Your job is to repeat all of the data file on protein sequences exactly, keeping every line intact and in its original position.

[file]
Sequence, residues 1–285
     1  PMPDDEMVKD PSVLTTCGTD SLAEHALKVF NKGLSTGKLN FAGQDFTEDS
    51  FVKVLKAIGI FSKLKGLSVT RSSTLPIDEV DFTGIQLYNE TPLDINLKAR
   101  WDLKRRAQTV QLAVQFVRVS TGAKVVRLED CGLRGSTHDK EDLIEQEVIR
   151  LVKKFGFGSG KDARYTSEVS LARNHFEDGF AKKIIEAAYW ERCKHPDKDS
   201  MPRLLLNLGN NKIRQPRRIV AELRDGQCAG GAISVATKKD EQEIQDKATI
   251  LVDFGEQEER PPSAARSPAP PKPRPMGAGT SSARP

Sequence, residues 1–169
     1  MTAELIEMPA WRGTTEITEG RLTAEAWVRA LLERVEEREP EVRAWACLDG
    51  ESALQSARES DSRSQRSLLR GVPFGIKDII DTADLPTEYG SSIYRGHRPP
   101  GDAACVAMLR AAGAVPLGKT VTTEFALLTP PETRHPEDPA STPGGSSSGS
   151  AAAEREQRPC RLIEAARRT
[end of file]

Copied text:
Sequence, residues 1–285
     1  PMPDDEMVKD PSVLTTCGTD SLAEHALKVF NKGLSTGKLN FAGQDFTEDS
    51  FVKVLKAIGI FSKLKGLSVT RSSTLPIDEV DFTGIQLYNE TPLDINLKAR
   101  WDLKRRAQTV QLAVQFVRVS TGAKVVRLED CGLRGSTHDK EDLIEQEVIR
   151  LVKKFGFGSG KDARYTSEVS LARNHFEDGF AKKIIEAAYW ERCKHPDKDS
   201  MPRLLLNLGN NKIRQPRRIV AELRDGQCAG GAISVATKKD EQEIQDKATI
   251  LVDFGEQEER PPSAARSPAP PKPRPMGAGT SSARP

Sequence, residues 1–169
     1  MTAELIEMPA WRGTTEITEG RLTAEAWVRA LLERVEEREP EVRAWACLDG
    51  ESALQSARES DSRSQRSLLR GVPFGIKDII DTADLPTEYG SSIYRGHRPP
   101  GDAACVAMLR AAGAVPLGKT VTTEFALLTP PETRHPEDPA STPGGSSSGS
   151  AAAEREQRPC RLIEAARRT